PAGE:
By James Avery Jr., - 05/07/10 03:21 PM EDT
As they look for new sources of profit, some Wall Street -- and Main Street -- investors have embraced a ghoulish way to make money from the death of ordinary Americans. Their unsavory activities could eventually result in people paying more for, or losing access to, the products that provide financial protection to families and help individuals achieve their retirement goals.
Stranger Originated Life Insurance (STOLI) is a scheme in which unscrupulous operators persuade older Americans with health problems to take out new life insurance policies, paid for by "investors" who hope to profit from the insured's death.
These operators aggressively seek out senior citizens with health issues that suggest shortened life expectancy -- because the sooner the insured individual dies, the more money the investor stands to make. To get seniors to pass underwriting requirements, the operators may collude with the "applicants" to submit incomplete or inaccurate medical and financial information to the insurance company.
These elderly victims not only unknowingly risk criminal and civil liability for their actions, but they often expose themselves to major tax liabilities for any financial benefits realized through a STOLI transaction.
To protect older Americans from these practices, 28 states have already banned STOLI transactions. That's the good news.
The bad news is that 22 states have not yet enacted strong STOLI regulation. Moreover, there is a growing interest in life insurance securitization, in which multiple policies are bundled into financial instruments and then sold into the capital markets. Securitization is particularly dangerous because it can fuel the demand for STOLI transactions.
Proponents of securitization argue that it will increase the availability of funds for policyholders seeking to sell their policies and provide investors with strong returns. However, policyholders who no longer need or want their coverage can easily sell it via the existing, very active and more than adequate life settlement market. And many insurance companies offer their clients early access to policy benefits when they are faced with limited short-term life expectancy.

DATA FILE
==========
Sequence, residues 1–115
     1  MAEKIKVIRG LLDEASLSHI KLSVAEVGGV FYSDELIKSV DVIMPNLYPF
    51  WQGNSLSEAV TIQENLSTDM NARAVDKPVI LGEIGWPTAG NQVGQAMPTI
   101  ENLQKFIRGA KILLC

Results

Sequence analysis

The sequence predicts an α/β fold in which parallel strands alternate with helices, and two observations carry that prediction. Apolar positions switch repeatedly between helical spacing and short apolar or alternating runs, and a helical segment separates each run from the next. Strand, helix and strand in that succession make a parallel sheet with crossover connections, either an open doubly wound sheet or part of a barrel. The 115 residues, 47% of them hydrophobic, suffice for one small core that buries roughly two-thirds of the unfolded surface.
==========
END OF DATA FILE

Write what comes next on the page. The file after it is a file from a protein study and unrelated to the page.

Securitization of life insurance settlements has the potential to generate hefty fees and profits for Wall Street. With $19 trillion of life insurance in force in the United States, some argue that tapping into just a small portion of that pool could produce a $500 billion market and a huge stream of fee income for the originators of these new financial instruments. It's no surprise, then, that Wall Street firms have been looking closely at this business.
However, the money flowing into this market could serve to incent the questionable practices of those seeking to make a fast buck at the expense of elderly Americans.
Individual life insurance products are priced on the basis of the needs, preferences and behaviors of the retail consumers they insure and for whom they are intended. Institutional investors have an entirely different interest in these products and thus behave differently in regard to how they treat the policies they own. As a result, gains that accrue to investors can only be generated at the expense of all retail consumers, who will ultimately have to pay more for the life insurance coverage they need.
Securitization-fueled STOLI could also lead to higher policy costs because life insurers would need to spend more money detecting and preventing fraud.
In addition, an increase in STOLI transactions may cause some life insurers to reduce the amount of insurance they provide to older segments of the population, thereby restricting access to life insurance for individuals who need it for legitimate reasons.
Along with the American Council of Life Insurers, we believe STOLI transactions need to be banned in all states to protect Americans from those who choose to prey on them, and the securitization of life insurance settlements should be prohibited. If permitted, these troublesome practices could also be extended to and have a negative impact on other financial products, such as annuities.
Actually, that's already happening. Despite recent headlines about fraud and abuse in the life insurance market, unscrupulous operators are now lobbying regulators to pass legislation allowing the sale of annuity benefits to third parties -- a practice known as Stranger Initiated Annuity Transactions (STAT).
Although many annuity contracts specify that the benefits cannot be transferred to a third party, proposed legislation in Kentucky, for example, would override these contracts and permit STAT.
As with life insurance, when an individual's benefits from an annuity can be sold to a third party, it creates enormous potential for fraudulent activity. Ultimately, this type of fraud drives up costs and reduces everyone's access to needed products.
We have already seen how the unregulated "chase for profit" led to the origination and securitization of sub-prime mortgages -- and how this activity helped fuel the real estate boom and bust. Let's not make the same mistakes again in the life insurance and annuities markets.
James Avery Jr., president of Prudential's Individual Life Insurance business, The Prudential Insurance Company of America, Newark, N.J.